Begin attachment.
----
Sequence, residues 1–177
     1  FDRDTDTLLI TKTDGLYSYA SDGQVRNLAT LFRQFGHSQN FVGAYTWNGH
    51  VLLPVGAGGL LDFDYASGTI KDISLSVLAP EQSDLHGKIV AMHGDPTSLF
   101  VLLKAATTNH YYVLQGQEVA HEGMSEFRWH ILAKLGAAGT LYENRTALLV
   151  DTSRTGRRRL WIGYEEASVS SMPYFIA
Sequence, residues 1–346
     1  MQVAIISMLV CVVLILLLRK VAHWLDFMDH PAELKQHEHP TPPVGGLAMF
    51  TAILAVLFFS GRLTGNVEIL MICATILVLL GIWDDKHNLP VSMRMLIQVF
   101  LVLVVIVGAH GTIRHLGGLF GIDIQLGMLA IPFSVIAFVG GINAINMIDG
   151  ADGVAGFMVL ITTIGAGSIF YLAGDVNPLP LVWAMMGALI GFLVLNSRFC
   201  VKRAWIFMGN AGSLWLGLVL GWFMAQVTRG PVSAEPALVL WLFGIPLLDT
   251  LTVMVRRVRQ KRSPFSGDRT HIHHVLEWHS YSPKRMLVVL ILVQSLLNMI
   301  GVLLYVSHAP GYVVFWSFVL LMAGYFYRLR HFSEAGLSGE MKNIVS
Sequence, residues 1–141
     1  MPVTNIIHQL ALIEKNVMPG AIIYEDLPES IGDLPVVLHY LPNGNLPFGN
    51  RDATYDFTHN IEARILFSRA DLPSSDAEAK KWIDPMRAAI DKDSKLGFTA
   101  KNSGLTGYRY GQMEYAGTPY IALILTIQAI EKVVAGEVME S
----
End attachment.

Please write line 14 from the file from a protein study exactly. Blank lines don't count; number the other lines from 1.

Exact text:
Sequence, residues 1–141